1887

Migration of Health Workers from Commonwealth Countries

Experiences and Recommendations for Action

image of Migration of Health Workers from Commonwealth Countries
In recent years there have been renewed concerns worldwide about the tremendous drain of resources that can occur when skilled health professionals migrate, particularly from developing to developed countries. Although such movement often has many advantages for the individuals concerned and their families, from the point of view of donor countries, it can have far-reaching consequences both for their economies and the development of their health services.



In the Commonwealth, migration of health professionals is a major problem for some member countries, particularly small states. In 1999, the Commonwealth Secretariat commissioned consultants to carry out literature reviews and to collect data from Ministries of Health in each of the four Commonwealth regions (Africa, Asia, the Caribbean and the Pacific), as a basis for recommending policies and strategic approaches to Commonwealth governments. This publication is based on a synthesis of the reports of these consultants.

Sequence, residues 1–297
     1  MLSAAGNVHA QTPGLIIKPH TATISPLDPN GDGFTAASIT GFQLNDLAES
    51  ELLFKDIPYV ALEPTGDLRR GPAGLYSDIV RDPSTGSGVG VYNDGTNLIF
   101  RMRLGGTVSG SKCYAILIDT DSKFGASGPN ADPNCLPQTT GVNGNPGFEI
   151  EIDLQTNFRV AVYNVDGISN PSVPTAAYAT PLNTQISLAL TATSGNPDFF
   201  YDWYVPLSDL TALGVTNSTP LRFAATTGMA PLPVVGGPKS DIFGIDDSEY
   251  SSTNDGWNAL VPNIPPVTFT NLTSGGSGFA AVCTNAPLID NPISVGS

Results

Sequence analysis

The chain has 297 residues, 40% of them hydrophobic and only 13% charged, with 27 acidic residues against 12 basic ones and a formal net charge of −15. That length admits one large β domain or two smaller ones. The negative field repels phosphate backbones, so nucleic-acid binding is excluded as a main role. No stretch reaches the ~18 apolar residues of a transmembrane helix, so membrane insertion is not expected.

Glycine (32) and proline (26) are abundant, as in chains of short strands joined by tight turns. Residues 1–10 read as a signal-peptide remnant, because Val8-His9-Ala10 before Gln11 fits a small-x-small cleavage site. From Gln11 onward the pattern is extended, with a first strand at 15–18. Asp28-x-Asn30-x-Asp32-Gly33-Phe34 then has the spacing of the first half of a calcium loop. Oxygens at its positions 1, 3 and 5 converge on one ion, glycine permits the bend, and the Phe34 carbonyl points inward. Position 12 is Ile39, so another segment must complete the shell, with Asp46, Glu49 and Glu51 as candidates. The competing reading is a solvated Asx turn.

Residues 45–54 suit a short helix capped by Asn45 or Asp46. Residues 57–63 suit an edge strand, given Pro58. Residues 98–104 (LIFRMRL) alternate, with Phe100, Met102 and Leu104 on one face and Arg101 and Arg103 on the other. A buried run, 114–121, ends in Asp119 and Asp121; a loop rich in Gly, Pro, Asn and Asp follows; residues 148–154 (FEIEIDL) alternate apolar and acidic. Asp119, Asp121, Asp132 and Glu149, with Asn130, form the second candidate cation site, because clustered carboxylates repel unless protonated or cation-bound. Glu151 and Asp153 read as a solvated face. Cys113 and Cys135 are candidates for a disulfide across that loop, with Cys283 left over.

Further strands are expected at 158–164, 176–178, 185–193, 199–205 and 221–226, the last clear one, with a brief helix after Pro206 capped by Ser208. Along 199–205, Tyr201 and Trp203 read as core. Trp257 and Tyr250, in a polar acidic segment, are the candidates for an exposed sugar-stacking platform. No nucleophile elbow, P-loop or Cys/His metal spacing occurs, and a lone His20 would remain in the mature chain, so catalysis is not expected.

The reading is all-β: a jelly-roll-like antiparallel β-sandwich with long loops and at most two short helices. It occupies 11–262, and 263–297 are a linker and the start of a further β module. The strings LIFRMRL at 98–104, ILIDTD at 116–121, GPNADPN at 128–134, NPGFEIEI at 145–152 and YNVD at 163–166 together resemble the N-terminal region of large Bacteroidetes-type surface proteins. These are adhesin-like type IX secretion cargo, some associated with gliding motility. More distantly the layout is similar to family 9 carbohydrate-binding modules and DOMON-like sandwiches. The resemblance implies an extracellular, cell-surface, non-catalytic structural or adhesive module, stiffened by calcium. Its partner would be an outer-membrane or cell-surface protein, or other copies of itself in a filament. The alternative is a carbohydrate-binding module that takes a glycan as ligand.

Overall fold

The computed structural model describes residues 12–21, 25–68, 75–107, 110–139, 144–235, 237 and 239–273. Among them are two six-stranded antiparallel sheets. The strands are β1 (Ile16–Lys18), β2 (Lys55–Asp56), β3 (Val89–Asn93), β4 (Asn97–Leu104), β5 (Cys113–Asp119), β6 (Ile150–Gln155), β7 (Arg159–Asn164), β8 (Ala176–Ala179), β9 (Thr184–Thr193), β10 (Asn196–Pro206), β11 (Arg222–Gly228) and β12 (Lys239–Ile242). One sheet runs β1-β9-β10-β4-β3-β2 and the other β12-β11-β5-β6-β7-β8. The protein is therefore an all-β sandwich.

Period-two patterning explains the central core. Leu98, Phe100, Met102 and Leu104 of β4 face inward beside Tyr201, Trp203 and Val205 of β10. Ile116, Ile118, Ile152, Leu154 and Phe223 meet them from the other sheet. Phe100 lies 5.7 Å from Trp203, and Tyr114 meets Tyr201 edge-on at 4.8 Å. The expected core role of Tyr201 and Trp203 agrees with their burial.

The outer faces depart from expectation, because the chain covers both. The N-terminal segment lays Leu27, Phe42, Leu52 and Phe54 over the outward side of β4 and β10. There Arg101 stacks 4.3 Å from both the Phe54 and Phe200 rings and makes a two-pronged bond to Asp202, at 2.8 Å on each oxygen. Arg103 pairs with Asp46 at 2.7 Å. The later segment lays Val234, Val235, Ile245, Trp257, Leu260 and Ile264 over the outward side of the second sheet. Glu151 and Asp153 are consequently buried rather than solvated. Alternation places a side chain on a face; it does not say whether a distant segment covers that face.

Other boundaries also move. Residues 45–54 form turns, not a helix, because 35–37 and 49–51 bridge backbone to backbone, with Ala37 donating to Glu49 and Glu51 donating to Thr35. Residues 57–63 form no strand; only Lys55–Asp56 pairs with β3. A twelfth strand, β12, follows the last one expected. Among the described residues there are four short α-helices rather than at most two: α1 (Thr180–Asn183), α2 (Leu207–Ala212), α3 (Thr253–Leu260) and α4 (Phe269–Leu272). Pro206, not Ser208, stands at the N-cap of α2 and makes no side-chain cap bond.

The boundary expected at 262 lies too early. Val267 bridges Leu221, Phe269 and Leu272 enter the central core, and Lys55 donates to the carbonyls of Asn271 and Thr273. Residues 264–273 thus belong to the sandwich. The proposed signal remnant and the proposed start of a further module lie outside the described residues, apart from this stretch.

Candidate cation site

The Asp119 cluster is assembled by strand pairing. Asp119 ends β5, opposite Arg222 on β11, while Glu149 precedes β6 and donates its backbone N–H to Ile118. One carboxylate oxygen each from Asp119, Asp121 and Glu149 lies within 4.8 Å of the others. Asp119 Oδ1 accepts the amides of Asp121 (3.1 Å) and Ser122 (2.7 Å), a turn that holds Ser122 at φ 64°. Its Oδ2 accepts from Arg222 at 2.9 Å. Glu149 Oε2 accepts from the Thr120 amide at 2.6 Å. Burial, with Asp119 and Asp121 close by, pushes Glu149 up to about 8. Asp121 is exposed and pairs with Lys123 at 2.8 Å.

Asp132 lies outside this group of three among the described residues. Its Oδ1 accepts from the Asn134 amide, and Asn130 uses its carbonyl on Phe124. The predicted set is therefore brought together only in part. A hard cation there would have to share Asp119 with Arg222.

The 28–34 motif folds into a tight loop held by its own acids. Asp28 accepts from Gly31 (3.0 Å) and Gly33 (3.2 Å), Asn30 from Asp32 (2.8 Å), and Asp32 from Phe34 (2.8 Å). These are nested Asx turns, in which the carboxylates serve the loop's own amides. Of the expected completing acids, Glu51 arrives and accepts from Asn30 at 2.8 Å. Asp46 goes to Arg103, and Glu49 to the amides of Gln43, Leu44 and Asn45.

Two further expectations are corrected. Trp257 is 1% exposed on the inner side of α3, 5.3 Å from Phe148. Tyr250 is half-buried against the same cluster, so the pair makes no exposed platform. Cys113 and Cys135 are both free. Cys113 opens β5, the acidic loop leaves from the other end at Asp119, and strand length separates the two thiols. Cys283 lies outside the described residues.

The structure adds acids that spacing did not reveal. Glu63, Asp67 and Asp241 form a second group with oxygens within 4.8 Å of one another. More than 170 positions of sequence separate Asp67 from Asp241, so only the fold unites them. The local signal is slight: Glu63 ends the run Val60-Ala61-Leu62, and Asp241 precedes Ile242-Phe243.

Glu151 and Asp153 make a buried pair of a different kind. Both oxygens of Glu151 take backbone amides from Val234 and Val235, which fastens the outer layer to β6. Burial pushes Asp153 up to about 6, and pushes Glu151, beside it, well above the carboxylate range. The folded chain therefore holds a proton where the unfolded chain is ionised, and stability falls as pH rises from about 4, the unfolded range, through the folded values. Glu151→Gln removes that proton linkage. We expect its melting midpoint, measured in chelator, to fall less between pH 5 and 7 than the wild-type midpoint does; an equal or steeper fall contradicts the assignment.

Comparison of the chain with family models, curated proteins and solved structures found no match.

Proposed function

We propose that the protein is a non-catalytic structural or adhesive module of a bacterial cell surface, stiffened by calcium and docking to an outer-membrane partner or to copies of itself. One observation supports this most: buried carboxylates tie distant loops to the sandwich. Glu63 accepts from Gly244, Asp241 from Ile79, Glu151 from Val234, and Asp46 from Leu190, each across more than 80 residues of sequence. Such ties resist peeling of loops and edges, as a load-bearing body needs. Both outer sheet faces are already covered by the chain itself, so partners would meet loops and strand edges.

English

.

Introduction

Concern about shortages of medical staff and the tremendous drain of resources that can occur when skilled health professionals migrate, particularly from developing to developed countries is not a new issue. These concerns were recognised at the Commonwealth Medical Conference held in Edinburgh in 1965. Subsequently international disquiet about this “brain drain” led to the setting up of the WHO Multinational Study of International Migration of Physicians and Nurses, the findings of which were published in 1979.

English

This is a required field
Please enter a valid email address
Approval was a Success
Invalid data
An Error Occurred
Approval was partially successful, following selected items could not be processed due to error